So we were pretty excited, looking at the menu, and deciding what we'd each order so that we could have tastes of each other's plates, when our friends the Friends (heh-heh, I bet they never get tired of hearing that) informed us that we would be receiving the ENTIRE menu. NINE courses. Whoa, maybe we should have held back on those munchies.

And these are the Friends...Tracy had also been politely coerced into wearing a punjabi so at least we had each other.

(At some point in the evening they informed us that their kids had received Rock Band for Christmas, at which I squealed impolitely and almost fainted...but they must have forgiven me because they invited us over later to play. We accepted. It rocked.)

Anyway, in case you can't read the small print way at the top of the menu, the first course is translated as "Flower Drum Five Happiness" which was pretty correct because it was all happiness and yumminess. Each platter was served for our entire table of 9 people, none of us Chinese. I don't remember what ANYTHING was (the dangers of blogging too late after the fact) but the one on the right is sitting on a sort of sour bread that was fabulous and I think the bottom one was pork. Nice appetizers.

This next dish is "Braised Shark's Fin Soup with Eight Treasure Seafood"...not sure what the eight treasures are, but this was a surprisingly tasty & rich soup. If there are any environmentalists reading this please don't send me any hatemail. I didn't order this, it was just brought to my table. And I wanted to try it. So sue me. (Just kidding, please don't.) Knowing there were SEVEN MORE COURSES ahead I found it sufficient to sip about a quarter cup, just to say I had tried shark's fin soup and wait for the next dish.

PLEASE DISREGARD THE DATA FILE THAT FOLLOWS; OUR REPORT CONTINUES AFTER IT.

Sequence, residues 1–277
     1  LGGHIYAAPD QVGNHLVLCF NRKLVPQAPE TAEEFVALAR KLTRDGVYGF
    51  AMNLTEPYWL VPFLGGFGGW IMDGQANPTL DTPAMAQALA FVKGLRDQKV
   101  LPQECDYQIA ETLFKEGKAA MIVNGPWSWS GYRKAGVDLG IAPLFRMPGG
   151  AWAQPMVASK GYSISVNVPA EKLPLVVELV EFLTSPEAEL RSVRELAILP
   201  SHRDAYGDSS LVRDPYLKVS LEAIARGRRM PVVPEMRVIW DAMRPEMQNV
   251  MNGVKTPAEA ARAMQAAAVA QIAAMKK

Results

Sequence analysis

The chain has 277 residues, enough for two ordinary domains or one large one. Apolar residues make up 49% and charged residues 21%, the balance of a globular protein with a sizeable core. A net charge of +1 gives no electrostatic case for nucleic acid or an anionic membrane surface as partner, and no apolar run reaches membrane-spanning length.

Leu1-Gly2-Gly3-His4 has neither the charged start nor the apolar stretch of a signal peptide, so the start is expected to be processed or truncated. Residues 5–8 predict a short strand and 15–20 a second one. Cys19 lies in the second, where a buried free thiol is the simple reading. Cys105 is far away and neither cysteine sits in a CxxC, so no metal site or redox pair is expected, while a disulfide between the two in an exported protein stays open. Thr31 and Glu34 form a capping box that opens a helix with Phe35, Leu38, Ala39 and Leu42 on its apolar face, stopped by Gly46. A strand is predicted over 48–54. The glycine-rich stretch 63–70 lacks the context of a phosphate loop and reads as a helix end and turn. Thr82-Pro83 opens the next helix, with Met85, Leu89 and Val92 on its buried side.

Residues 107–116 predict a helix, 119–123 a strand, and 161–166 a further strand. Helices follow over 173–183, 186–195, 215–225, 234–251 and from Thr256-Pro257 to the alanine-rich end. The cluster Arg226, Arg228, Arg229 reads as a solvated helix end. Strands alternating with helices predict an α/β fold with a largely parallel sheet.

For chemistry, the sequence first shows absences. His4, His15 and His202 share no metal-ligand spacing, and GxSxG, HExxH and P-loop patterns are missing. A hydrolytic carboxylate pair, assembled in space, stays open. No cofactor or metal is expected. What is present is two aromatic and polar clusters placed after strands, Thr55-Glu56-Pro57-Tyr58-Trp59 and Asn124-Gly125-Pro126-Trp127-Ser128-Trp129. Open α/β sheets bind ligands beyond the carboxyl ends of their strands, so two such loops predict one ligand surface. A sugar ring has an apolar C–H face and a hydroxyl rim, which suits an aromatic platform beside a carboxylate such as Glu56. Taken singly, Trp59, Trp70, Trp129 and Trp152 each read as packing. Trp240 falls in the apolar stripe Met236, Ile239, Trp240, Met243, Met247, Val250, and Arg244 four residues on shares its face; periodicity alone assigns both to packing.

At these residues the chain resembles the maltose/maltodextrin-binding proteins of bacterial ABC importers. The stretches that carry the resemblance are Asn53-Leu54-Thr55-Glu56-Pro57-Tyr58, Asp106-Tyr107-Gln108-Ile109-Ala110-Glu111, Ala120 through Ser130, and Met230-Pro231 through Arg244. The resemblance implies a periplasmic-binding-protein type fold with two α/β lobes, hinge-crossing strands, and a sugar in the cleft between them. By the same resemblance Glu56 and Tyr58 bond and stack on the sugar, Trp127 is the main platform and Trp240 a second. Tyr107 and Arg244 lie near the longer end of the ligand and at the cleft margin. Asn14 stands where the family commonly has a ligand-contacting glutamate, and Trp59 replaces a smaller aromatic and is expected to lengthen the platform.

Next up on the list, "Barbecued Suckling Piglet in Hong Kong Style" which initially had me drooling because I am deprived of pork too often and now crave it constantly. However, upon arrival of the dish I sort of lost my appetite for it.

If the glassy eyes weren't enough, check out this killer profile.

Honestly, the look wasn't enough to deter me, but once we started turning over those nicely sliced pieces, we realized someone had removed all the meat--on PURPOSE. That's right, just a nice plate of pig skin and fat. Now, I am the first to admit that skin & fat are absolutely desirable on a piece of meat. They add invaluable flavor to a dish. But the flavoring isn't supposed to be eaten on its own! Period. We only hoped that this meat wasn't wasted but perhaps used in our first dish with the yummy pork appetizer. Our Chinese friends at the neighboring table were thrilled, however, when they realized we were not going to finish this delicacy and so were only too happy to pass it over. I'm pretty sure they literally licked the platter clean.

We were extremely pleased with the next dish on the menu: "Steamed Pomfret with Superior Soya Sauce". This fish was amazingly tender and flavorful. As a plus, I didn't find a single bone, which is sort of a pet peeve of mine when eating fish. Or any meat, for that matter.